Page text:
simulate mean_x =r(mean), reps(1000): randdraw 1000 "rpoisson(10)-10"

hist mean_x, kden

* Looks pretty normal, but that is not so surprising because the poisson distribution begins to look pretty normal once k gets as large as 10.

* So how exactly does the central limit relate to all of this and why is it so cool?

* The argument is that as N the number of draws going into each mean calculation gets large, the distribution of the means begins to look normal.

* Lets first try something as far from normal as possible (not a technical definition)

simulate mean_x =r(mean), reps(1000): randdraw 10 "rbinomial(1,.05)-.05"

* This is the mean of a bernoulli distribution (weighted to .05) either 0 or 1 with each mean representing 10 draws.

hist mean_x

* We can see that this is clearly not normally distributed. However what happens when we increase the draws to 100 rather than 10?

simulate mean_x =r(mean), reps(1000): randdraw 100 "rbinomial(1,.05)-.05"

hist mean_x

* Already things are beginning to look a lot more like a normal distribution. Obviously it is not normal because the potential outcomes are discrete.

* Perhaps it will look better at 1000 draws.

simulate mean_x =r(mean), reps(1000): randdraw 1000 "rbinomial(1,.05)-.05"

hist mean_x

* This is what is meant by asymptotically converging on a normal distribution. As N gets large the distribution of the means begins to look more like a normal distribution (so long as the variance of x is finite).

* Crazy, huh?

* Perhaps it will look better at 10000 draws.

simulate mean_x =r(mean), reps(1000): randdraw 10000 "rbinomial(1,.05)-.05"

hist mean_x, kden

* Still not looking perfect.

simulate mean_x =r(mean), reps(1000): randdraw 100000 "rbinomial(1,.05)-.05"

hist mean_x, kden

* Now things are looking very close to normal. Of course there will be some randomness in the 1000 draws which have enough inherent variation to make even a normal variable look non-normal.

* This might take a little while but let's increase the draws one more time.

simulate mean_x =r(mean), reps(1000): randdraw 1000000 "rbinomial(1,.05)-.05"

hist mean_x, kden

* So using a x variable with are bernoulli(.05) leads to a convergence in means that looks normal not until around 100,000 draws. This might sound bad but it really is not.

* Because, usually we don't need the individually drawn means TO BE normal just to be approximated by a normal distribution as well as their standardized values as being approximated by a chi-squared distribution for null tests.

* In addition, a bernoulli(.05) is an extreme distribution with a large skew and discrete outcomes. Most distributions, even binary and count distributions are going to have properties which are more similar to a normal distribution causing more rapid convergence on normality.

* Even a .5 bernoulli begins to look pretty normal at 1000 draws.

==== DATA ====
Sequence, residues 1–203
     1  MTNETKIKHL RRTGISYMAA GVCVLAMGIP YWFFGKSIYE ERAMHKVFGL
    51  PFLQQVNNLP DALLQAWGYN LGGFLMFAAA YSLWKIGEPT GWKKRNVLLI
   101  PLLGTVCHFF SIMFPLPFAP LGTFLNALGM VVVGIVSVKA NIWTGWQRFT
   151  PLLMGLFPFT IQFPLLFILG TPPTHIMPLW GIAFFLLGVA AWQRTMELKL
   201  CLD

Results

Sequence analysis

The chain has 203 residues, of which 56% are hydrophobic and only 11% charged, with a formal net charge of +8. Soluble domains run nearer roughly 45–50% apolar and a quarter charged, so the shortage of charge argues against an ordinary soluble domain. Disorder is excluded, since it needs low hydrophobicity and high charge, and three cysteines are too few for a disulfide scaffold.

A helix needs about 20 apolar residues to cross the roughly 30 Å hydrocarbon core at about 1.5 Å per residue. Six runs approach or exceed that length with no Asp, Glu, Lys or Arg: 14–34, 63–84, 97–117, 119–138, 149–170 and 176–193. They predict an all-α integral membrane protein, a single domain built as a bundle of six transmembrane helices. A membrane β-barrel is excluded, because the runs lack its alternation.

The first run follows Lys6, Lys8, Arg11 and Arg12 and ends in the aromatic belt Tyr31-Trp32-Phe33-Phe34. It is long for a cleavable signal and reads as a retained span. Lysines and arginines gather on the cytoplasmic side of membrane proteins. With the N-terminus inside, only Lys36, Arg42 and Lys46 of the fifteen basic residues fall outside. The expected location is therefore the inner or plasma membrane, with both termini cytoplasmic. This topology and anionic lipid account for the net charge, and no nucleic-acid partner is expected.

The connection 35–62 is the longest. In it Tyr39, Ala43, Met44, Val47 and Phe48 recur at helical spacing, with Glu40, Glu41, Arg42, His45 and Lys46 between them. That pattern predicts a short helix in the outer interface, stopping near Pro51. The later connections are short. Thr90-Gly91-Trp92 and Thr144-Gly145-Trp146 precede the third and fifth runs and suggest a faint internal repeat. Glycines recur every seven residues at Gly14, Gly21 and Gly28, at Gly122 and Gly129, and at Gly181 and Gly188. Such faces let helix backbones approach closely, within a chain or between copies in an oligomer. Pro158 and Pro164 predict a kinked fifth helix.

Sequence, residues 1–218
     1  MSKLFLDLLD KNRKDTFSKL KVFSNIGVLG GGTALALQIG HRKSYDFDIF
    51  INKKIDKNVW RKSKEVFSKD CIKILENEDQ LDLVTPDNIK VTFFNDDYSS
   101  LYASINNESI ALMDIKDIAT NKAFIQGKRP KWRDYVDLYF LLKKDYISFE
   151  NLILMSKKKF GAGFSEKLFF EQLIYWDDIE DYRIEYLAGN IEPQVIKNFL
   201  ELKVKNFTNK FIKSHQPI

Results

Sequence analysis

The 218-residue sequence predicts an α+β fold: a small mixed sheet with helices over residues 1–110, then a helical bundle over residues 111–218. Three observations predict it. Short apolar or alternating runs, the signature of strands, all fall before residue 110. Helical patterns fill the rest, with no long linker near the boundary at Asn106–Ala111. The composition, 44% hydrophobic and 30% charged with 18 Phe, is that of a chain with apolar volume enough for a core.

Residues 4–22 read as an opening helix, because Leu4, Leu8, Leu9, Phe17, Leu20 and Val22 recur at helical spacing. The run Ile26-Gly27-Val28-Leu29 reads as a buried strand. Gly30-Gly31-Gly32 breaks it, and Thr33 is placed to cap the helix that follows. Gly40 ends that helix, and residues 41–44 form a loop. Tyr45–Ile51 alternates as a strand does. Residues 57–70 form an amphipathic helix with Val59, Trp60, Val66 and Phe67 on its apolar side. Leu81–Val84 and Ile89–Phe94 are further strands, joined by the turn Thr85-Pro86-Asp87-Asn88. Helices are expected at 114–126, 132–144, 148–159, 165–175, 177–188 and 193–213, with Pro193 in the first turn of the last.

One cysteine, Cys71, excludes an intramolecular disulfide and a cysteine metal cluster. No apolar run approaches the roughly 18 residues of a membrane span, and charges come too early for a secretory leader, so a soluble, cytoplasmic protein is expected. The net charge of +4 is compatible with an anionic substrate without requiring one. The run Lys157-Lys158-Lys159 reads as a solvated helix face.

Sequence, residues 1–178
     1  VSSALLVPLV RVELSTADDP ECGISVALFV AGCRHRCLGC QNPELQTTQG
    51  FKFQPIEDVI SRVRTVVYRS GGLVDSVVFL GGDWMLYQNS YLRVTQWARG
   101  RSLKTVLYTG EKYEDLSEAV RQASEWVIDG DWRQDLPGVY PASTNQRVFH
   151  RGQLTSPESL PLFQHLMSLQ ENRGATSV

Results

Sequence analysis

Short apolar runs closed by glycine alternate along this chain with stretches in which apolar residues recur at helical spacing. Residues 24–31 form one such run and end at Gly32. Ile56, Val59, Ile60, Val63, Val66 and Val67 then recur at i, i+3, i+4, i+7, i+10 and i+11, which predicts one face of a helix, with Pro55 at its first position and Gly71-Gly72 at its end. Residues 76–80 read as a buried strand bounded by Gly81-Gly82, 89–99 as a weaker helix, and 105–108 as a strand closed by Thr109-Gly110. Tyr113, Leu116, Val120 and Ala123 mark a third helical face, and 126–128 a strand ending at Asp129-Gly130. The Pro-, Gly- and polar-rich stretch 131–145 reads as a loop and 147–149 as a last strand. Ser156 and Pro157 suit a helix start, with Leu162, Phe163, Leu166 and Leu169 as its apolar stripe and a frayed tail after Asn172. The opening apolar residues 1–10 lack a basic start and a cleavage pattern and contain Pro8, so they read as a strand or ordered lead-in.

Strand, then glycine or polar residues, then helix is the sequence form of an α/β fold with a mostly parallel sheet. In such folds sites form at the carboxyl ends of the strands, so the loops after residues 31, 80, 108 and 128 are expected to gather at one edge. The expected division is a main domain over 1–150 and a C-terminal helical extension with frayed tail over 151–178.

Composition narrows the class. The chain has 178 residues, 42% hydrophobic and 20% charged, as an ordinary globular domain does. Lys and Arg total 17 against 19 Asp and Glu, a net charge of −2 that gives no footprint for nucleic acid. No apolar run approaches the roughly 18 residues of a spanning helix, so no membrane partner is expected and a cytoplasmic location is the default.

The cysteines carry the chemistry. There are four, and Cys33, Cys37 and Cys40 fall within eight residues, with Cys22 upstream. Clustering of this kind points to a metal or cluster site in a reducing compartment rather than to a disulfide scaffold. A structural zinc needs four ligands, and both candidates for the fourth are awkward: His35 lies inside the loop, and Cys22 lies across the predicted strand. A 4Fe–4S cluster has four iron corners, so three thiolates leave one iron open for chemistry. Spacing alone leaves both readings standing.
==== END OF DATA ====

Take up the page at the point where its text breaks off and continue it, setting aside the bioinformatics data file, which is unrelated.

simulate mean_x =r(mean), reps(1000): randdraw 1000 "rbinomial(1,.5)-.5"

hist mean_x, kden

* Let alone distributions such as uniform

simulate mean_x =r(mean), reps(1000): randdraw 1000 "runiform()-.5"

hist mean_x, kden

* Compare this to a normal distribution for which the mean by definition normally distributed (because Normal + Normal ~ Normal)

simulate mean_x =r(mean), reps(1000): randdraw 1000 "rnormal()"

hist mean_x, kden

## Thursday, August 23, 2012

### A Visual Exploration of Two Dimensional Random Walks

# Let's create N variable vectors that will hold our different random walks.

N <- 7

# Now let's speficy the number of walks to take

S <- 50

# Create a matrix to hold X and Y values

X <- Y <- matrix(0,nrow = S, ncol = N)

# I am going to save my graphs to the "Rplots" directory

setwd("c:/Rplots")

# For each value of X and Y add a random normal draw each of the S rounds

for (s in 2:S) {

Xmov <- rnorm(N)

X[s,] <- X[s-1,]+Xmov

Ymov <- rnorm(N)

Y[s,] <- Y[s-1,]+Ymov

}

# We can see a pure random walk looks pretty abrupt

par(bg="black")

plot(X,Y, type="n",frame.plot=F , axes=FALSE, xlab="",ylab="")

for (n in 1:N) {

arrows(x0=X[1:S-1,n], y0=Y[1:S-1,n], x1=X[2:S,n], y1=Y[2:S,n], col = rainbow(N)[n], length=.05)

}

savePlot(filename = "2012_8_23_rand_walk1.png",

type = "png")

# However, let's allow for some momentum (whatever speed the point had at the previous step that speed is retained during this step plus some random movement. This is in effect a data source that exhibits a random walk even after first differencing.

X2 <- Y2 <- matrix(0,nrow = S, ncol = N)

for (s in 3:S) {

# Add an inertia term

Xinertia <- X2[s-1,] - X2[s-2,]

Xmov <- rnorm(N) + Xinertia

X2[s,] <- X2[s-1,]+Xmov

Yinertia <- Y2[s-1,] - Y2[s-2,]

Ymov <- rnorm(N) + Yinertia

Y2[s,] <- Y2[s-1,]+Ymov

}

# We can see a pure random walk looks pretty abrupt

par(bg="black")

plot(X2,Y2, type="n",frame.plot=F , axes=FALSE, xlab="",ylab="")

for (n in 1:N) {

arrows(x0=X2[1:S-1,n], y0=Y2[1:S-1,n], x1=X2[2:S,n], y1=Y2[2:S,n], col = rainbow(N)[n], length=.05)

}

savePlot(filename = "2012_8_23_rand_walk2.png",

type = "png")

# We can see the movement seems to be much smoother but cause rapid divergence in individual draws

# Lets try one more specification. First we will cause there to be a common current vector (1,1) pushing the different strands towards the positive direction. Also, there will be more momentum.

X3 <- Y3 <- matrix(0,nrow = S, ncol = N)

for (s in 7:S) {

# Add an inertia term

Xinertia <- 5*(X3[s-1,] - X2[s-2,]) +

4*(X3[s-2,] - X2[s-3,]) +

3*(X3[s-3,] - X2[s-4,]) +

2*(X3[s-4,] - X2[s-5,]) +

1*(X3[s-5,] - X2[s-6,])

Xmov <- rnorm(N) + Xinertia/750 + 1

X3[s,] <- X3[s-1,]+Xmov

Yinertia <- 5*(Y3[s-1,] - Y2[s-2,]) +

4*(Y3[s-2,] - Y2[s-3,]) +

3*(Y3[s-3,] - Y2[s-4,]) +

2*(Y3[s-4,] - Y2[s-5,]) +

1*(Y3[s-5,] - Y2[s-6,])